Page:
In terms of what's personally gotten me thinking most, though... well, quite a lot of things, really, over the last year or so. I've been seeing a naturopathic doctor for a while and being treated for what's commonly called adrenal fatigue. I don't know if you've looked into that condition at all, but it's quite interesting in how it often shows up in burnout and similar conditions, and all the negative health effects it has.

I've been taking some supplements for a while that the ND recommended (B-complex, Vitamin D, DHEA, 5-HTP) and have found them help me to feel better to some degree. Also just reducing stress levels in general has been helpful... of course, the feasibility of that really depends on a person's individual situation as to how much they're able to do that, but I've thankfully had a fair bit of freedom there.

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Introductory Post / Hello
« on: August 06, 2018, 04:37:37 AM »
Hi everyone,

I just recently discovered this forum, and just reading the posts here has been so validating and encouraging. Itís amazing to read about other people going through so many things Iíve struggled with and felt so alone in. Iíve seen the word ďalienĒ used here by different people and thatís exactly how Iíve felt for so long, like Iím from a different planet compared to most people, and thereís no way to explain to ďnormalĒ people what it is I go through on a day-to-day basis.

As for how I found out about C-PTSD, well, itís a long story, but basically... I was going through severe burnout (job-related and personal-life related) and reading up on it, and watched a TED talk linking burnout and PTSD, and it was like a million lightbulbs went off in my head. I eventually discovered C-PTSD and believe itís the most accurate description of what Iíve been going through for a long time.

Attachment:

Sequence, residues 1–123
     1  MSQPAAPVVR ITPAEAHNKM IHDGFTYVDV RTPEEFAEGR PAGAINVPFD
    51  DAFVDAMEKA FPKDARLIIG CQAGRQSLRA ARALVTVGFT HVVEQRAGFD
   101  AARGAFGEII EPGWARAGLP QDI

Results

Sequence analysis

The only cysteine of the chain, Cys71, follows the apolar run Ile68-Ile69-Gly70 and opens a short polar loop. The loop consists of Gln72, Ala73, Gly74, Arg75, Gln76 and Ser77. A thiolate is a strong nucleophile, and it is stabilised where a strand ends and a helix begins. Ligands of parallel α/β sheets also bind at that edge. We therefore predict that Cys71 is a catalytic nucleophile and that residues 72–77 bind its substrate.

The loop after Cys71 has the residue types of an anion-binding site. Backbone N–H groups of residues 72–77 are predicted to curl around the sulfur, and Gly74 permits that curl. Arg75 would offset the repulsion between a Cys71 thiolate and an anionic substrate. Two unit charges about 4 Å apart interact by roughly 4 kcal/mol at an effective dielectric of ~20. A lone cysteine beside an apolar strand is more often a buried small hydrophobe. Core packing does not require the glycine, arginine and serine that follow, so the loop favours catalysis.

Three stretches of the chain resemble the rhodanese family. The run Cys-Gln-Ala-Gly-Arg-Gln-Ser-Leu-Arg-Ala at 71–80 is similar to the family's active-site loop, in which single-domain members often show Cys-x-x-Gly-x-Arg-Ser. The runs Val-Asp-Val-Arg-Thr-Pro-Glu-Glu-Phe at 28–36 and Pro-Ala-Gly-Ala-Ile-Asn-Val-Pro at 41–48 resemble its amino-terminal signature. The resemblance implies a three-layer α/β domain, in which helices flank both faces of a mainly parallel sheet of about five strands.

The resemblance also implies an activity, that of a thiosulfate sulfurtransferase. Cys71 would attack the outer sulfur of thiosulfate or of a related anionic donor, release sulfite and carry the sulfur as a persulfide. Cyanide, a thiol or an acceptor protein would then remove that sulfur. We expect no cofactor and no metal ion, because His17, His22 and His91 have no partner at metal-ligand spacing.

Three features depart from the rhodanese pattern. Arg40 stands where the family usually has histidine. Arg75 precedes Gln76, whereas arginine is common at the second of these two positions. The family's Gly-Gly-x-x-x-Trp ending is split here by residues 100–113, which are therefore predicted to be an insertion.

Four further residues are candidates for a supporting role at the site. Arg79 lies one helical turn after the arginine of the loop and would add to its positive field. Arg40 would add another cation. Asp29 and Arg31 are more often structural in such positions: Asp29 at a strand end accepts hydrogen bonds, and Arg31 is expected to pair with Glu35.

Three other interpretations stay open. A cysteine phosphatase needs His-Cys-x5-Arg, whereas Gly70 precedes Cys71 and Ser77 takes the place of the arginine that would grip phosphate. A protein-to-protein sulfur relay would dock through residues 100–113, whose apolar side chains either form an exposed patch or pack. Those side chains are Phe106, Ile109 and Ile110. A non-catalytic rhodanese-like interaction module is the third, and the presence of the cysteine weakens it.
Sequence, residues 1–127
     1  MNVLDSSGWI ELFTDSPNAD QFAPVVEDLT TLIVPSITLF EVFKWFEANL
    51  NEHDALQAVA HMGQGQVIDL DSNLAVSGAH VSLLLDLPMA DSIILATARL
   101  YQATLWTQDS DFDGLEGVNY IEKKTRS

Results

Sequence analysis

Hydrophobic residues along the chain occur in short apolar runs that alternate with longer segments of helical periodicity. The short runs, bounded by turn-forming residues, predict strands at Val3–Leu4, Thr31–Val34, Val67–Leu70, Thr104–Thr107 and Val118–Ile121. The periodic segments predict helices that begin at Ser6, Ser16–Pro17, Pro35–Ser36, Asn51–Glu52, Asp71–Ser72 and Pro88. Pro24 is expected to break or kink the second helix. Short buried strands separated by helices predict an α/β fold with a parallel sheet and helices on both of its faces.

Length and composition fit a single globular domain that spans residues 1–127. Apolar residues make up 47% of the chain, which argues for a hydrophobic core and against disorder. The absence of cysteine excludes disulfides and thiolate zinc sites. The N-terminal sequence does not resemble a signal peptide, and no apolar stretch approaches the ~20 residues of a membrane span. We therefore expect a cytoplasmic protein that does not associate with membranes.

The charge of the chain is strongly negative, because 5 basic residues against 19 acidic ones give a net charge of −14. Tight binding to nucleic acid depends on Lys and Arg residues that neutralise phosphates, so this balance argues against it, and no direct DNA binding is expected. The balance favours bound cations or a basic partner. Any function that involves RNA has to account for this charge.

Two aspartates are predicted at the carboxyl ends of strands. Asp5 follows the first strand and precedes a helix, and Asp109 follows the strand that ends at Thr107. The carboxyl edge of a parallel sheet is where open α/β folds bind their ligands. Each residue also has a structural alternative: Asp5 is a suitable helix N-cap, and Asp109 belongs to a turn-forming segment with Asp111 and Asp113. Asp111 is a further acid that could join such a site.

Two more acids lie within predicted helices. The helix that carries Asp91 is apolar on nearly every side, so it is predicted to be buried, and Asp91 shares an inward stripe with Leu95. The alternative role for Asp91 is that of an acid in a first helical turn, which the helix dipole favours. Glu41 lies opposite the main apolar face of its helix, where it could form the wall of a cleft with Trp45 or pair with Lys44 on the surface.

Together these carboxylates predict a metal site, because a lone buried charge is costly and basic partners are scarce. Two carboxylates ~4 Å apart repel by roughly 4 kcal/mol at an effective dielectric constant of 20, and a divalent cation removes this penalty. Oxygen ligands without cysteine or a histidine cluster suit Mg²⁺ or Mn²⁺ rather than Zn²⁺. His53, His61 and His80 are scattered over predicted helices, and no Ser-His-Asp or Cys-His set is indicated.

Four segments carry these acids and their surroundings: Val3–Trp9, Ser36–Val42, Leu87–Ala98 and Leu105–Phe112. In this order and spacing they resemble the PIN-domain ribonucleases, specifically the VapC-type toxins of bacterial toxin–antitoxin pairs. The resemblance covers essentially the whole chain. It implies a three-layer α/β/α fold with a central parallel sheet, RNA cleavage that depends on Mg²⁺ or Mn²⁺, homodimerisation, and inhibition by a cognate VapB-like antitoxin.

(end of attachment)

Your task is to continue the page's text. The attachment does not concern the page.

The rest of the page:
I think the roots for me were in childhood, with neglect and verbal/emotional abuse from my parents, but I only really experienced most of the really severe C-PTSD symptoms a couple years ago when my personal and work life just got to be too much (a lot of stress at work, increasingly feeling isolated, ďfriendsĒ abandoning and turning against me, and a bunch of other things I wonít go into here, and all of that happening within the span of less than a year).

Itís sad and disappointing to me how little is known about C-PTSD, not just by the average person, but even professionals (doctors, mental health professionals, etc.). I hope understanding and awareness of this condition increases dramatically. Who knows how many other people out there are silently suffering with this and being misdiagnosed and mistreated by health professionals.

Itís nice to see some progress being made, like the inclusion of C-PTSD as a real condition in the ICD as of 2018, but thereís so much more that needs to be done. Most people donít even seem to know anything about PTSD other than itís what ďsoliders getĒ and most havenít even heard of C-PTSD. And itís obviously hard to tell people about it when itís still not even something you can be diagnosed with in many places.

Thereís a lot more I could say about myself and other things, but was planning to save specific things for other posts.

This looks like a good community with a lot of good people, and Iím thankful to have found it.